They are also encouraged to make their own video, and post it onto social media under the hashtag #IBuildAmerica.
The team develops videos that focus on specific companies’ projects in the “I Build America Presents” series, and specific people in the, “A Day in the Life” and “People of Construction” series. These videos range from under two minutes, to over 40.
Step #4. Create a movement
In the first 8 months of the I Build America project, Briscoe and his team created several iterations of the website, a social platform, clothing line and gifts, ambassador program, and a project contest.
From there, they are currently working with “several of the largest construction associations in the country, working with the military to add this to their exit training for veterans, launching a non-profit arm, building high school recruiting kits, doing fund-raising, and much more,” he said.
They are currently engaged with the state of Wyoming to help show the pride and value of construction to the state, and reach the young population with that message. This involves collaborations with high schools, community colleges, trade schools, the state contraction association and major construction companies operated out of the state.
The team is even in initial conversations with the military, and is developing content and curriculum that could be used as training about construction to help veterans transition out of the military.
By February 2017, Briscoe anticipates I Build America should be the leading initiative in the country for awareness around construction.
At this point, he said, “we've invested quite a bit of money ourselves. [But] we never meant for this to make us any money.”
Now, he said, they know the I Build America movement is in full swing, since they’ve just had their first customer sign up and give $1,000 to be a founding member.
“Our goal is to get 1,000 customers to do that on an annual basis so we can take that money to build recruiting kits and continue to shoot videos and create tools and reach the general public,” he said.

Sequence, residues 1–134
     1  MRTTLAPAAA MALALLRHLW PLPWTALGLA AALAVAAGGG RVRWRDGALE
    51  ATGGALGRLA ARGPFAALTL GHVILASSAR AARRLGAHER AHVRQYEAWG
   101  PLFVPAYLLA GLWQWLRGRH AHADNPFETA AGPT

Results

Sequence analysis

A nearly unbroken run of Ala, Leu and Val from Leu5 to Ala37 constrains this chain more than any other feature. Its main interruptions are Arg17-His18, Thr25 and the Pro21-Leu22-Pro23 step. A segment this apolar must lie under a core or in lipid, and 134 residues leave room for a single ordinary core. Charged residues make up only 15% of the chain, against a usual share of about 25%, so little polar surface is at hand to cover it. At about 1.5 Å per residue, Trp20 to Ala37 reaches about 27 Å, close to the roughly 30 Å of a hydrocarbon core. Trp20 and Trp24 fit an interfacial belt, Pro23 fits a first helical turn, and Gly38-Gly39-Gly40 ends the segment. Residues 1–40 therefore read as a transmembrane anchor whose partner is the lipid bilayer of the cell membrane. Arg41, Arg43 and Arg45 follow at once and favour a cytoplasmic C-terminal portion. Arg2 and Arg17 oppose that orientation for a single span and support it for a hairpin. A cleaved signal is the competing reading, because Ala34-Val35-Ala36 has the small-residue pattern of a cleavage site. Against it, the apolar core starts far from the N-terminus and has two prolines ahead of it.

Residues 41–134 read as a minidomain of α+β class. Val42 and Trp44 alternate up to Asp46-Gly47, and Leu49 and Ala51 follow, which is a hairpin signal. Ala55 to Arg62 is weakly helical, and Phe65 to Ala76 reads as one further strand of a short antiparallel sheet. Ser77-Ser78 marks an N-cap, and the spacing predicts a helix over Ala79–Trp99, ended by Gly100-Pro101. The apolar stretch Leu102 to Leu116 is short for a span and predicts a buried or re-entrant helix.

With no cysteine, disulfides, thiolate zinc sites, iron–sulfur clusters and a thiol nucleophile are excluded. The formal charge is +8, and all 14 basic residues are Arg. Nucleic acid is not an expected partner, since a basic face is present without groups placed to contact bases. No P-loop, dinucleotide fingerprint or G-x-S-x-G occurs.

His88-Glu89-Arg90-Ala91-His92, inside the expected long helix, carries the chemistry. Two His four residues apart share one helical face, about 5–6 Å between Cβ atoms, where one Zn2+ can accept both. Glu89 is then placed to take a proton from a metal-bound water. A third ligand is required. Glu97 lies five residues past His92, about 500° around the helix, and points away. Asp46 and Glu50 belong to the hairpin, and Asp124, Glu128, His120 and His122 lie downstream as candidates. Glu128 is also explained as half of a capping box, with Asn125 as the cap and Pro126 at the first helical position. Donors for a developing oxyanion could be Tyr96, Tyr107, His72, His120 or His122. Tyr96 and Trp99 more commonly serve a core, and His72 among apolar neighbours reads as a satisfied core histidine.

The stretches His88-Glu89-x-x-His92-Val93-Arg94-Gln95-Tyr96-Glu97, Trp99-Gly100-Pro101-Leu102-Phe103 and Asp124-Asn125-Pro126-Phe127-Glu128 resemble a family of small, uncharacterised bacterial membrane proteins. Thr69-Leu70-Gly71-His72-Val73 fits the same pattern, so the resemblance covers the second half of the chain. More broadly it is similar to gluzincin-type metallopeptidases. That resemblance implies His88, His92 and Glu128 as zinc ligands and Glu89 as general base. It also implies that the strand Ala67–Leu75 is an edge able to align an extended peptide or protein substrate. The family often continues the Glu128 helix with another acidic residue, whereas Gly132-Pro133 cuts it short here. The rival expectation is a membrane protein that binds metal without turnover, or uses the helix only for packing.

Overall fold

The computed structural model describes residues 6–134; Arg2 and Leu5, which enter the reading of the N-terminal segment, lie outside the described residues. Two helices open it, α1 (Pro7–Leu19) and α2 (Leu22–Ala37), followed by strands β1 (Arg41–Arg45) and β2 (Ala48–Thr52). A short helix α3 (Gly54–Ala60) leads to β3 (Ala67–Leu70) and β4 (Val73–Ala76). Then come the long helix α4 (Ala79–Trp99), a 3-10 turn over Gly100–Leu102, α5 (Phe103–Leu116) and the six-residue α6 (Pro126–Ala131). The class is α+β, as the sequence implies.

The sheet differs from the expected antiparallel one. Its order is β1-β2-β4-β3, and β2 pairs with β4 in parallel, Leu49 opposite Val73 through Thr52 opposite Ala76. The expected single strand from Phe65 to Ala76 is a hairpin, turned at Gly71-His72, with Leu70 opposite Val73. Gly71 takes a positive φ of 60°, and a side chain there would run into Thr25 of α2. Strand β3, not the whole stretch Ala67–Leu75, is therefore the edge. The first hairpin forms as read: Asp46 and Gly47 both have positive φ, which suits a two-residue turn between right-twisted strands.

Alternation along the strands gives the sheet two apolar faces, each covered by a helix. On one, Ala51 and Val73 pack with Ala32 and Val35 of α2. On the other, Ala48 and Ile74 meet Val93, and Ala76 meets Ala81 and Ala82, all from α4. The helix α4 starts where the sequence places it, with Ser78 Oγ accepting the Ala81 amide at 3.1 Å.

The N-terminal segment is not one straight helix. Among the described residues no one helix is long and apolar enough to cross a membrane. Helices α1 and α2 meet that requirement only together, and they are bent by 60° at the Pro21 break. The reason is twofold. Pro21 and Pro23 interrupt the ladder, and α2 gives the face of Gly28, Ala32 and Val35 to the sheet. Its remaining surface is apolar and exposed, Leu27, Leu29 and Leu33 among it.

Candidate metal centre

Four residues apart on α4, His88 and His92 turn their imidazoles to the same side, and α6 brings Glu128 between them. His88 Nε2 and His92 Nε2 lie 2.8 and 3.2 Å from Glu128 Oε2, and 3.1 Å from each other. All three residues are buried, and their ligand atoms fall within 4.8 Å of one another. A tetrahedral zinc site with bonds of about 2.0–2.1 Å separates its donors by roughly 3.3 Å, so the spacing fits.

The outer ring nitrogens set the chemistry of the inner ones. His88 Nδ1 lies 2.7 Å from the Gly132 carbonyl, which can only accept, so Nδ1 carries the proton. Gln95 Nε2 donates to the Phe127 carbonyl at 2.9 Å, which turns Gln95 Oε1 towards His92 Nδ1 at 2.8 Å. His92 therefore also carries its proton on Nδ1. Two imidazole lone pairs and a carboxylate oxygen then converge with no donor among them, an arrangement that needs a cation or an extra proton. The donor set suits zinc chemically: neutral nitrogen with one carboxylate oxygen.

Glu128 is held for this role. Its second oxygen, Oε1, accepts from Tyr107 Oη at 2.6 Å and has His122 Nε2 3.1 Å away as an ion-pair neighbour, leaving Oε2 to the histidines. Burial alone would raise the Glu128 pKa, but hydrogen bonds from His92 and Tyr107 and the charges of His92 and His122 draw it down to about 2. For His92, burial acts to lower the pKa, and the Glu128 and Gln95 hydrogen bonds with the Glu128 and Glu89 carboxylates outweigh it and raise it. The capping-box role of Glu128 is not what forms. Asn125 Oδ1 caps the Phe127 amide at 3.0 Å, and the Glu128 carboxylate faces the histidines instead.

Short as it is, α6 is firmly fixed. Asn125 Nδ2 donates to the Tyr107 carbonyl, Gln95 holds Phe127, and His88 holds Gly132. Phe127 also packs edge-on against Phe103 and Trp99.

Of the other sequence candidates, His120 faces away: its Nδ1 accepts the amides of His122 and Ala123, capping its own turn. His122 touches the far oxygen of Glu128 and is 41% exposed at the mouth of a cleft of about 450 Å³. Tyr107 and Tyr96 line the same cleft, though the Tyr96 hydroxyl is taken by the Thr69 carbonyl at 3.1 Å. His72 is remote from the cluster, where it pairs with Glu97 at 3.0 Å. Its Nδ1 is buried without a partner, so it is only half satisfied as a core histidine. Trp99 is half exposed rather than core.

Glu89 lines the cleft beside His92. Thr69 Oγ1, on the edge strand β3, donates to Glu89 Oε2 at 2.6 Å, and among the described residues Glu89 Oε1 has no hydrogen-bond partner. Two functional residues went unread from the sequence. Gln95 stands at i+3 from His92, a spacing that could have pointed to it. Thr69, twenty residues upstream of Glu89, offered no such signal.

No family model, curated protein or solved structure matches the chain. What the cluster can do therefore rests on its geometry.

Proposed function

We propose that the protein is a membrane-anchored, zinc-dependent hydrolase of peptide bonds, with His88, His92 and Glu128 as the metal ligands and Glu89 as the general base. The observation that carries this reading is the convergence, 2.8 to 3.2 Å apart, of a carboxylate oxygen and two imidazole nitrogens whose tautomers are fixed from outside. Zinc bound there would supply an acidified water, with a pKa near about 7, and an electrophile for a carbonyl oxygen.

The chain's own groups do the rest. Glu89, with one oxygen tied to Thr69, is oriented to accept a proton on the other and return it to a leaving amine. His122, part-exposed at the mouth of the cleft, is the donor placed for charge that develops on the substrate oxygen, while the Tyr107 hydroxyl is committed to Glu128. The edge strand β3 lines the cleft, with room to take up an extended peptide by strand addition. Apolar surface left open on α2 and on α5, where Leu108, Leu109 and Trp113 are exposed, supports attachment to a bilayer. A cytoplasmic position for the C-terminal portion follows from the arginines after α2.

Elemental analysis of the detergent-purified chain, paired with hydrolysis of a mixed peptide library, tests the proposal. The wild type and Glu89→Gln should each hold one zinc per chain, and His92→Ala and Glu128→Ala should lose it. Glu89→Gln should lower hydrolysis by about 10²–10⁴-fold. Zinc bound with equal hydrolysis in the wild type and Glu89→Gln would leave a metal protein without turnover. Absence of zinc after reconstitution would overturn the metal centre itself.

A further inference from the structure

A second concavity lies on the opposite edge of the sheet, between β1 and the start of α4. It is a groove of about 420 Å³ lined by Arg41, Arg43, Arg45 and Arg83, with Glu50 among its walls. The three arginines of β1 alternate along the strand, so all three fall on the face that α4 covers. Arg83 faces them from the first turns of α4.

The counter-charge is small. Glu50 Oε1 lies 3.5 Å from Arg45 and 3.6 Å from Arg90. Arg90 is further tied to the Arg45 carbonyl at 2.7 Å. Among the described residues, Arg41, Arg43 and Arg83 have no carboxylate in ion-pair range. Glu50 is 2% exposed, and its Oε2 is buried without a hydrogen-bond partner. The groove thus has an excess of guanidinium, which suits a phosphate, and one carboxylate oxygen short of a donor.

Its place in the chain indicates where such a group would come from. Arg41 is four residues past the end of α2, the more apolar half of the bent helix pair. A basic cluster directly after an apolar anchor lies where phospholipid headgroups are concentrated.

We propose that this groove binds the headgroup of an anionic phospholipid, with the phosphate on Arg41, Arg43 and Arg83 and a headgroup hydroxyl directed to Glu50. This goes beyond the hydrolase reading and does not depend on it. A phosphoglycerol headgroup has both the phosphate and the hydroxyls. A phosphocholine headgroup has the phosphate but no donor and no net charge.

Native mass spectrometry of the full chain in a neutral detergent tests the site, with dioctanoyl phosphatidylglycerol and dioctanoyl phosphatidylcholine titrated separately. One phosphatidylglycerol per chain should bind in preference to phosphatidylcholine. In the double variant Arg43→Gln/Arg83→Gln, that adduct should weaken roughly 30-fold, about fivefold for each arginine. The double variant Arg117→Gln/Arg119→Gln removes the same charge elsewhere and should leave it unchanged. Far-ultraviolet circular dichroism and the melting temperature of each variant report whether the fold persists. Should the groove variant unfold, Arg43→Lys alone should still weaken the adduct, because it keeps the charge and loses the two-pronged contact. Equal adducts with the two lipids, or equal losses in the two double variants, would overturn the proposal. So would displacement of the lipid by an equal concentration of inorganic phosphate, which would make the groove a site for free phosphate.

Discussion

There are a lot of associations and groups attempting similar efforts across the country, and “we don't want to exclude them,” Briscoe said. HCSS wants to reach out and see if they can join forces to give back to the industry.
“We've got seven products and the reason that we have the funding to do all this is because those products were doing well, construction companies, they've kind of grown up and they're looking at how can we use technology to work more efficiently,” Briscoe said.
In the first eight months of the campaign, the results Briscoe and his team have seen are:
Customers sincerely appreciate the new approach, and the time and expense being put into recognizing the impact the construction industry makes on America, Briscoe said.
He provided some customer quotes to give context to the hard metric results:
Briscoe described a conference he attended where a speaker detailed a campaign with a similar goal, and an attendee, “raised their hand and said, ‘That works well in your industry … because everybody wants to hear from you, but in my industry, that won't work.’”
This focus on making the customer the hero, he insisted, will work in any industry. It’s just a matter of finding and highlighting the human aspects for your customers.
Construction is the perfect example of how, “if you're able to focus on your customer base and what matters to them, you can really engage with them and big things can happen,” Briscoe said.
It’s your turn to vote on the campaign you think deserves the title of Readers’ Choice Award. Review our four finalists, and the campaign with the most votes will be asked to share its story as a featured session on the main stage at MarketingSherpa Summit 2017 in Las Vegas.